# Why do we need to boil water for longer at higher altitudes to sterilize it?

Boiling can be used as a pathogen reduction method that should kill all pathogens. Water should be brought to a rolling boil for $$1$$ minute. At altitudes greater than $$6,562$$ feet (greater than $$2000$$ meters), you should boil water for $$3$$ minutes.

I found this online, I am not sure of its validity. I just wanted to know if anyone had an idea why we need to boil water for longer at higher altitudes. I know it reaches boiling point quicker, but not why we need to boil it for longer.

The basic science involved is this:

• The boiling point is depressed with lower pressure.

• You can't raise the temperature past the boiling point. Once the water starts to boil, the temperature sticks there.

• The ability to kill disease-causing microorganisms depends on both the temperature and the length of time for which the temperature is applied. You can trade one for the other.

However: --

Water should be brought to a rolling boil for 1 minute. At altitudes greater than 6,562 feet (greater than 2000 meters), you should boil water for 3 minutes.

The quoted claim is simply wrong. Folklore about boiling has become more and more exaggerated over time, like the folklore about how many words Eskimos have for snow. A temperature of 72 C is sufficient to kill all bacteria within 15 seconds [USDA 2004]. Some spores can remain viable when heated to higher temperatures, but the spores that can survive these conditions are not types that are capable of making you sick when you ingest them. Even at the elevation of Everest Base Camp, the boiling point of water is about 80 C, which is plenty high enough for this purpose.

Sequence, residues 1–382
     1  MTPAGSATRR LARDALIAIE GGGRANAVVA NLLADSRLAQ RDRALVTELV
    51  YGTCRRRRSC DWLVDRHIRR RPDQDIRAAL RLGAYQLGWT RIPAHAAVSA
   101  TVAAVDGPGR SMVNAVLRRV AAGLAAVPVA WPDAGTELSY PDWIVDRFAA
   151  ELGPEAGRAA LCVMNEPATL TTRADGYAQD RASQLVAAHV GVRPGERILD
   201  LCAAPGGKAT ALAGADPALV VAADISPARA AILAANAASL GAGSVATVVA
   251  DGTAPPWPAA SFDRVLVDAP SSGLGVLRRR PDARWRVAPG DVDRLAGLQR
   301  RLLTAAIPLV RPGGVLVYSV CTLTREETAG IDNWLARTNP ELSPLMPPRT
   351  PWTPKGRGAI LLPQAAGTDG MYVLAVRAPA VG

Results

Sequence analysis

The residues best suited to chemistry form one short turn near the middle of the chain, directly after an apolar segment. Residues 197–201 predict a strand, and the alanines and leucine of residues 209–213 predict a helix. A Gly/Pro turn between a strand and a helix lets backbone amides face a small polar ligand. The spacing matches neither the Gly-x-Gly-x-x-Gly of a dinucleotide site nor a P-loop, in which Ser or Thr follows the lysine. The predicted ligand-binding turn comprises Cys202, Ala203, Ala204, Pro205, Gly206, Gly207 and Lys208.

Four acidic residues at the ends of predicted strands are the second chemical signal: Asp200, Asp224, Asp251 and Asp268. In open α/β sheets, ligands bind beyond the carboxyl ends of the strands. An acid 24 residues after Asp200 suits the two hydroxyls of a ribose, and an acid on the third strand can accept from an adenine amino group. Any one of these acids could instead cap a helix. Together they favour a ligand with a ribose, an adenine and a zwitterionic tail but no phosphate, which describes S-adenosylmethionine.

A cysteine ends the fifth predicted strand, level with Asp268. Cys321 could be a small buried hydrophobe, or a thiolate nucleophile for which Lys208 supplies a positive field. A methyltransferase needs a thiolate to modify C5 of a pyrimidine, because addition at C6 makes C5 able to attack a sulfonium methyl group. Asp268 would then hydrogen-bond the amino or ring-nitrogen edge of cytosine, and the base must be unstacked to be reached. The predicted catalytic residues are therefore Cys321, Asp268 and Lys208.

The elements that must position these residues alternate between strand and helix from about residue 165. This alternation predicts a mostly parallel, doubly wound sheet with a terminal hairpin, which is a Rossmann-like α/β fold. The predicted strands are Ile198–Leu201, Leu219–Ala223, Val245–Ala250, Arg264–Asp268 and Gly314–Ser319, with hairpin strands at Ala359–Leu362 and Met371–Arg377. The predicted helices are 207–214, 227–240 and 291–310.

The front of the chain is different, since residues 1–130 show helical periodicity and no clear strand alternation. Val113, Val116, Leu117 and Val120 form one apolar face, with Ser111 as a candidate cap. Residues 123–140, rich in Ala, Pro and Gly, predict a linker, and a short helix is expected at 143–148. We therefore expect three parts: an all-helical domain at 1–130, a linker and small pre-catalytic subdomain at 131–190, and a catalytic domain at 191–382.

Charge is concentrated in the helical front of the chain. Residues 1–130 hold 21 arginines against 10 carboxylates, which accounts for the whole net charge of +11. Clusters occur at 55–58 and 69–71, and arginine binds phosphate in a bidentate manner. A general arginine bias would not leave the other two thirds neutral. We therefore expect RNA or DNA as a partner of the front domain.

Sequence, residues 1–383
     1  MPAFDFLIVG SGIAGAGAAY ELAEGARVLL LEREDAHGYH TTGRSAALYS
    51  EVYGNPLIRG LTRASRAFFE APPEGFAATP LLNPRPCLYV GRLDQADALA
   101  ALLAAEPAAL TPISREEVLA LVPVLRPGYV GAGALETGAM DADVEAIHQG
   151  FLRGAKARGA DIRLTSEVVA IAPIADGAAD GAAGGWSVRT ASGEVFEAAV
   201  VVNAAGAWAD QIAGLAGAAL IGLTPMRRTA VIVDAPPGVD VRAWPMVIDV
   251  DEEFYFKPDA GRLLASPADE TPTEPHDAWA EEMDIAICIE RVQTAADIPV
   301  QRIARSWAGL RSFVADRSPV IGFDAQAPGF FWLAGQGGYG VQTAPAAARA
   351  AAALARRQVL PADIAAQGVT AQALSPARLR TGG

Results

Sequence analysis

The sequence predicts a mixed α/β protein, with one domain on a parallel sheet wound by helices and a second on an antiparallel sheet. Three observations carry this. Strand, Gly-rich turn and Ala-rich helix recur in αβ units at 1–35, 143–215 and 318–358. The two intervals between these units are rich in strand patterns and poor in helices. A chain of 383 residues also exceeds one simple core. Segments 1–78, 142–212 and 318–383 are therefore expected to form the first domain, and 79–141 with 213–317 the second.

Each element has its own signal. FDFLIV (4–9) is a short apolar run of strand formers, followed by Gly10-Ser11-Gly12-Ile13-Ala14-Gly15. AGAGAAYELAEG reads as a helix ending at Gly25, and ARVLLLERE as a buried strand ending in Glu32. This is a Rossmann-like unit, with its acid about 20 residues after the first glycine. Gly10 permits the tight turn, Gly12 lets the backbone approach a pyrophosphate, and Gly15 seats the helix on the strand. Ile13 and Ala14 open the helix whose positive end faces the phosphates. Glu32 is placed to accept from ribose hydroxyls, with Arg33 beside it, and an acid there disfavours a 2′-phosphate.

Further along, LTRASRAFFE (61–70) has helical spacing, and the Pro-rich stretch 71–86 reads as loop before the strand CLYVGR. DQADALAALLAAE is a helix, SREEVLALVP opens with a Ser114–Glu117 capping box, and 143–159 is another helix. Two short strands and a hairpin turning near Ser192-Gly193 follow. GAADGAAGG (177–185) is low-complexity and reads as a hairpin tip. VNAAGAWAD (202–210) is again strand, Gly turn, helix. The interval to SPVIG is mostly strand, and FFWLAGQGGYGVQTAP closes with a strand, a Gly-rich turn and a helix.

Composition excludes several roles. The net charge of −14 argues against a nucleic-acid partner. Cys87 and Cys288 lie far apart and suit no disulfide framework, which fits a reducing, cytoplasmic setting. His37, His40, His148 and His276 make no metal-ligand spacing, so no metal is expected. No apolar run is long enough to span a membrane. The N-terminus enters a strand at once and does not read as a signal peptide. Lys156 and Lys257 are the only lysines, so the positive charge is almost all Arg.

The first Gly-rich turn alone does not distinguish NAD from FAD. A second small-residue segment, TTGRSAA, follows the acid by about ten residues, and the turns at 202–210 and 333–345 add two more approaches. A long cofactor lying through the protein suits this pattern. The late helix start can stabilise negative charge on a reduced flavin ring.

People cooking at high elevations in the wilderness generally don't carry a thermometer with them, so they have no way to know when their water is at a temperature such as 72 C. That makes it easier to wait until it starts to boil vigorously, because then you know it's plenty hot enough. The time taken to get from 72 C to the boiling point is longer than the time it takes to kill all the bad bugs.

As a practical matter, the reduction of the boiling point is pretty minor at the elevations most of us visit (say 3000-5000 meters), and when people do go to much higher elevations, like 6000 meters or more, they need to conserve fuel, which they need in order to melt snow to make drinking water. They can't afford to boil every milliliter of water they're going to drink.

There is also the unspoken assumption that it's necessary to treat backcountry water in order to avoid getting sick. There is typically no need to purify water collected from natural sources in the wilderness. For example, in a survey of 69 sites in the U.S Sierra Nevada, every site had concentrations of Giardia cysts much too low to make anyone sick.[Rockwell 2002] The perception that backcountry water is unsafe to drink without treatment is folk wisdom that is controverted by the available scientific evidence, at least in the backcountry areas in the US such as the Sierra that have been extensively studied. Of course none of this applies outside of the backcountry, e.g., you certainly don't want to drink water in Arkansas that comes from runoff from a poultry farm.

When people do actually contract backpacker's diarrhea from exposure during a hiking trip, by far the most common reason is hand-to-mouth contamination.[Welch 1995] The most effective disease prevention measures are to wash your hands after pooping, refrain from sharing pots and pans, and use freezer-bag cooking so that food never goes in your pots.

References

Rockwell 2002 - Robert L. Rockwell, Sierra Nature Notes, Volume 2, January 2002,

USDA 2004 - National Advisory Committee on Microbiological Criteria for Foods: Requisite Scientific Parameters for Establishing the Equivalence of Alternative Methods of Pasteurization, USDA, 2004.